“The federal government again presupposes that the documents it claims are classified are, actually, classified and their segregation is inviolable,” the lawyers wrote. “Nevertheless, the federal government has not yet proven this critical fact. The president has broad authority governing classification of, and access to, classified documents.”
But apparently undercutting that argument, Mr. Trusty told Judge Dearie on the hearing that he wanted a few of his legal partners to get expedited top secret security clearances in order that they, too, could view the documents. Mr. Trusty said he already had a top-secret clearance from one other case.
Complicating the matter even further, Julie Edelstein, a lawyer for the Justice Department, told Judge Dearie that a handful of the documents at issue were so secret that even Mr. Trusty’s clearance may not be enough.
Mr. Trusty responded that “it was type of astounding” that the federal government would seek to maintain Mr. Trump’s legal team from seeing among the classified material within the case. They needed to see all of it, he said, to find out whether the federal government had acted properly by removing it throughout the search of Mar-a-Lago.
Much of the hearing was dedicated to more mundane matters of scheduling, as Judge Dearie sought to maneuver the document review along at a brisk pace. He told the parties that they needed to agree by Friday on a vendor that may handle the duty of digitizing the massive trove of fabric in order that the federal government can share it with Mr. Trump’s lawyers.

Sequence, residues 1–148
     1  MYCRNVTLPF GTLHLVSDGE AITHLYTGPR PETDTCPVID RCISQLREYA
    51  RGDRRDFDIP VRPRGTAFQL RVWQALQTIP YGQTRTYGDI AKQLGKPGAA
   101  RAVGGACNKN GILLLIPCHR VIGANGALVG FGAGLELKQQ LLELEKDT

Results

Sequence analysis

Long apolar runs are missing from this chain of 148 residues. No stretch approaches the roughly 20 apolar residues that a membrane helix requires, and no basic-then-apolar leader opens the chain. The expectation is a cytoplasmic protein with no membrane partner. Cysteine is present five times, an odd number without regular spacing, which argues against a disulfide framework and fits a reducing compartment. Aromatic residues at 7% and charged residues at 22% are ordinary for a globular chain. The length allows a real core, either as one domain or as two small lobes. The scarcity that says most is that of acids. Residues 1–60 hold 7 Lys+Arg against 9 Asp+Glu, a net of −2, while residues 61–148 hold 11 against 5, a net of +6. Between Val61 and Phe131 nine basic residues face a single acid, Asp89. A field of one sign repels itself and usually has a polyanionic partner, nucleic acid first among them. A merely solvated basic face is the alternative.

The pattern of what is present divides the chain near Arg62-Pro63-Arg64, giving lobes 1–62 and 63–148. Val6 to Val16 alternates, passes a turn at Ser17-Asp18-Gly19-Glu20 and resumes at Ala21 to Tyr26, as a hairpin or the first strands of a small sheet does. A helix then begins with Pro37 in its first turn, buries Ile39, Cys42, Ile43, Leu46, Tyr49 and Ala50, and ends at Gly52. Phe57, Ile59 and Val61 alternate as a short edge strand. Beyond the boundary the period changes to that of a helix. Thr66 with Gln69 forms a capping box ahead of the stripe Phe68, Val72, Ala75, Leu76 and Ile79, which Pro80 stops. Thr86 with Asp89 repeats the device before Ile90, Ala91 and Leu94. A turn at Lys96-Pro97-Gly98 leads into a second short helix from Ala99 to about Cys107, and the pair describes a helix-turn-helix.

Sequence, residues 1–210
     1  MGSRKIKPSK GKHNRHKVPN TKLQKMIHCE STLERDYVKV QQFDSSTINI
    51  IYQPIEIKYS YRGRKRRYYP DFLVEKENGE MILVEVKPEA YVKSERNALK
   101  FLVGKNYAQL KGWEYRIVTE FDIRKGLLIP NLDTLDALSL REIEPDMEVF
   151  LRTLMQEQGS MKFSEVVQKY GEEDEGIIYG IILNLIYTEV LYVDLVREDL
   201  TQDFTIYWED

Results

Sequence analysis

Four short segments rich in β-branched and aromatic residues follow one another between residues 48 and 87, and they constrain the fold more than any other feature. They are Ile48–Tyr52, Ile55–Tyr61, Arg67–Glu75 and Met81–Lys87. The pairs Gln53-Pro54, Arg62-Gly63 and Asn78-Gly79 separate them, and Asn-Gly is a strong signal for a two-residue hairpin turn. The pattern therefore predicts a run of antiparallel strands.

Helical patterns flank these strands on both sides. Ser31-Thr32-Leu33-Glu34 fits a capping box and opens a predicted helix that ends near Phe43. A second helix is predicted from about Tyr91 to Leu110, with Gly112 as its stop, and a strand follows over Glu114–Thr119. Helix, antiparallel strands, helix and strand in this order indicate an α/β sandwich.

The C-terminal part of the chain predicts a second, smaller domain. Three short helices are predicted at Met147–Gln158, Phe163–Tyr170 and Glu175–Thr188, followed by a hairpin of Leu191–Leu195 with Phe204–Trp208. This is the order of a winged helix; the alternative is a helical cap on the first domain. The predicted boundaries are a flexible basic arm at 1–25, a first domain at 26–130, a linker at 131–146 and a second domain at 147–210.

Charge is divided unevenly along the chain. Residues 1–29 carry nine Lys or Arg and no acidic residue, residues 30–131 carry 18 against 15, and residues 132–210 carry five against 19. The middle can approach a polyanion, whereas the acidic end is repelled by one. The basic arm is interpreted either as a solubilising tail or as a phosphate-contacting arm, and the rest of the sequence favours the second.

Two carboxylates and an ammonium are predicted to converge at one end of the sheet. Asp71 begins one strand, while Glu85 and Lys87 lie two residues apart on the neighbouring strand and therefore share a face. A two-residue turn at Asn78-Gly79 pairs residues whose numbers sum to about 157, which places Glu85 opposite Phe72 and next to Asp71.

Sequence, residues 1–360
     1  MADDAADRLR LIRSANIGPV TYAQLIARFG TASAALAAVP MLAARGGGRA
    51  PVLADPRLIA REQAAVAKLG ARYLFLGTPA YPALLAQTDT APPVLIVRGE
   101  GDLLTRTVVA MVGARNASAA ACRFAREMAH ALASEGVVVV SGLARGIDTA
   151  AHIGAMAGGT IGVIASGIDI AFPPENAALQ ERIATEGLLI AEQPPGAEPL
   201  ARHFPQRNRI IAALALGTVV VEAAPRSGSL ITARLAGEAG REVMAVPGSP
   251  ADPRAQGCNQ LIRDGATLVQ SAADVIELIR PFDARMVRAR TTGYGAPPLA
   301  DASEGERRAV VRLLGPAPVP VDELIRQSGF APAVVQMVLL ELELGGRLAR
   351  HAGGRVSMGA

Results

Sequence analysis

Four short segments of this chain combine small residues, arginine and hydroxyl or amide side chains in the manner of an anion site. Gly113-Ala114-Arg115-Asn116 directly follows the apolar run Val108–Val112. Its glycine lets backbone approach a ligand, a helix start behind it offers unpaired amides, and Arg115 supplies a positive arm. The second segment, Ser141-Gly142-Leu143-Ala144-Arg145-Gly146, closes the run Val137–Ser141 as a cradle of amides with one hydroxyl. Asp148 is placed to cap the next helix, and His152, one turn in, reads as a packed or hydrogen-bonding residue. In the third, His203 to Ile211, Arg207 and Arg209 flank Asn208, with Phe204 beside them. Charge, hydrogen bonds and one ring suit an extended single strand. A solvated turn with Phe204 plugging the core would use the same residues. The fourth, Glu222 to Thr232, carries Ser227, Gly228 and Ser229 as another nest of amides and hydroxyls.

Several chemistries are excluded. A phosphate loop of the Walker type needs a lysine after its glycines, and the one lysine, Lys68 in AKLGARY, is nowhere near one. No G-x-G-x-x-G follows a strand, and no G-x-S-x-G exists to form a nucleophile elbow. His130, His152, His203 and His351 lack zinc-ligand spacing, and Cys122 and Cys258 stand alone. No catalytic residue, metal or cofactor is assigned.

In a letter to Judge Dearie submitted on Monday, Mr. Trusty said that the schedule set forth for the review was a bit aggressive. Judge Dearie had ordered either side within the case to examine the records and offer their thoughts about whether the documents were privileged or unprivileged, or belonged to the federal government or Mr. Trump, by Oct. 7.
“We respectfully suggest that each one of the deadlines could be prolonged to permit for a more realistic and complete assessment of the areas of disagreement,” Mr. Trusty wrote.
In court on Tuesday, Judge Dearie acknowledged Mr. Trusty’s concerns but said he would push the case forward.
“We’re going to proceed,” he said, “with what I call responsible dispatch.”